Orvieto origins go back to the Etruscan civilization: the first Etruscan settlements, going back to the 9th Century B.C., infact, were found inside the tufaceous caves in the bedrock upon which today rises the city.
Annexed in the 3rd Century B.C. to the territories of Rome, it remained under the Roman domination until the decline of the Western Roman Empire. Afterwhich it became a free municipality, and during the struggles between Guelphs and Ghibellines, was a valiant opponent of Barbarossa, remaining faithful to the Pope. Riding on the support of the Papal State, it was allowed to prosper through the entire Medieval Period, reaching the top of its development in the 13th Century with the constitution of the General Council of the 400 and the election of the Captain of the People.
It was during this period that one saw the fervent work of erecting palaces and holy buildings among which the very famous Cathedral stands out, dating back to 1263, undoubtedly the most important architectural landmark of the city, with its splendid Gothic facing and the richness of the ornaments and internal chapels. In the ancient town we also find the St.Patrizio well, built in 1527 based on a plan of Antonio da Sangallo il Giovane, the Palace of the Seven from 1300, the Palace of People Captain (12th Century) inside which took place the meetings of the People’s Council, Saint Andrew’s Church (12th Century), Saint Domenic’s Church (12th Century), Saint Giovenale’s Church (11th Century), Soliano Palace (1262) within which, one will find two museums: the Museum of the Opera del Duomo and the Museum of Modern Art. Moreover we remember the Mancinelli Theatre (1866), the suggestive Underground City and the Necropolis of the Crucifix of Tufo dating back to the Etruscan period.
There are several theories on the origin of the name: the word Todi or from the etrurian “tudicolare”, or even from “tutus” (“a fortified place”).
Beside the legends about the origins of Todi, the town was founded by the Umbrian people on 2700 before Christ. Later on, before the etrurians and after the romans held the power of the town, and building up a number of monuments, most of which can still be admired, like the Nicchioni Romani, on Mercato Vecchio square, which at the beginning were probably part of a basilica. On 88 b.C. Marco Crasso took for himself all the wealth of the town, and during the fall of the roman empire the town was robbed and destroyed. During this time bishop Fortunato bacame the protecting Saint of the town. During the Middle Ages, Todi was always in fight against the close Orvieto. On the XII century it bacame free commun, being this the onset of a very positve period, and marvelous monuments like Capitain Palace, il Priori Palace, the Dome and the very remarkable St. Fortunato Church were built. On 1236 Jacopone da Todi was born here, one of the firts poets to write in italian dialect and not in latin. On 1500, after a long dark period, the town rised again under the Renaissance influence; dated during this time has to be found the marvelous Consolazione Temple. Many of the public buildings rised during this time are due to the bishop Angelo Cesi.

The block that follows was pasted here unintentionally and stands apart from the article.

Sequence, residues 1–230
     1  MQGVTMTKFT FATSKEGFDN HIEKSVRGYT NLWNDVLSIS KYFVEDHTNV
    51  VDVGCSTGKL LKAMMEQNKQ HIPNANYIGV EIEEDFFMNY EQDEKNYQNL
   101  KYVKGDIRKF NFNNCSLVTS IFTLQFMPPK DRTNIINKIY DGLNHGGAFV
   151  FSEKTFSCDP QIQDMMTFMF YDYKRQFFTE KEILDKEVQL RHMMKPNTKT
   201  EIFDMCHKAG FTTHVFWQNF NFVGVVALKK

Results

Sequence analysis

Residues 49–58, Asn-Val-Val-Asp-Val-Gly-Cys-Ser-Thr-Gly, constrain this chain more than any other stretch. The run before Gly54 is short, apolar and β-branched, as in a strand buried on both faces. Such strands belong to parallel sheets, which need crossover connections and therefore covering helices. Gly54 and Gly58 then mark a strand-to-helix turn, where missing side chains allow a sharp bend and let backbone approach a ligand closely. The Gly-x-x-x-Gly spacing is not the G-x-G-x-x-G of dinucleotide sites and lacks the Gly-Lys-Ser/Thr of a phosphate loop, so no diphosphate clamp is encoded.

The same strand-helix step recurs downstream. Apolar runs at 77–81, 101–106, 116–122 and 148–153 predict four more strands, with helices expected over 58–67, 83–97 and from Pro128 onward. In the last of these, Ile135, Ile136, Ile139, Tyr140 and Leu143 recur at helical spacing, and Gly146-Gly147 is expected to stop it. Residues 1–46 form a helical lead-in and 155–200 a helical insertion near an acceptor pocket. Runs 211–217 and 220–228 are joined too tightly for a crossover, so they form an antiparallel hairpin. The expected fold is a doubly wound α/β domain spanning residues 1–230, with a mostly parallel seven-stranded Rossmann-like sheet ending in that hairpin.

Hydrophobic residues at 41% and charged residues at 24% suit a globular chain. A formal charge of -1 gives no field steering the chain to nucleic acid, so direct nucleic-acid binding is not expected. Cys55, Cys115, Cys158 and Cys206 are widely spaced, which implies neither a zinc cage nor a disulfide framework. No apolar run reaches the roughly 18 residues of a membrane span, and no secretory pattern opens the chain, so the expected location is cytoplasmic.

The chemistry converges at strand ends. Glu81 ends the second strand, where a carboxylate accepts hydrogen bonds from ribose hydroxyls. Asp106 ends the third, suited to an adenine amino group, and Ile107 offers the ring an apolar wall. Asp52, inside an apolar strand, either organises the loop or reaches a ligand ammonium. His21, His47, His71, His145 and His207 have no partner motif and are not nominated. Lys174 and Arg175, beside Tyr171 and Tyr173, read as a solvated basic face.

The Lake of Corbara is an artificial basin orginated in the fifties because of a dam on the river Tiber. You can have one of the best view on the basin from Civitella del Lago, ancient hillside hamlet that owes its fortune to the Attis (in this place you can still see their palace).
To be seen also the church of “La Madonna del Prato” (1660), contain-ing a “Via Crucis” painted by eight contemporary painters, among which Giovanni Tenneroni. Between the lake and the mountains is located the “Parco di Bottilandia”, a wood where animals find their shelter inside huts made out of old wooden barrels. The Lake of Corbara has become since a few years a meeting-place for paddle-lovers. At Salviano, on the 448 Baschi-Todi road, you find the Corlago Rowing and Sculling Centre, provided with a pier, a boathouse and facilities for sport and social activities. Amateurish and agonist activities are held here as well as interregional contests.
Among the things you can see at Salvano, the Dragon Boat, an oriental speciality, a boat with twenty or more rowers, with the rowing rhythm stressed by the beat of the drum. On the same road 448, beside the lake, there’s one of the temples of Italian cuisine, “Vissani”. Gianfranco Vissani, top cook of the Italian cuisine, is in charge of the cooking. Exclusive dishes, creativity and international renown make this restaurant something beyond the mere catering. You woudn’t even find the word “ristorante” on the signs. A cult place for delicate palates. Not to be missed, at least once in your life.
Orvieto, Todi and Corbara Lake
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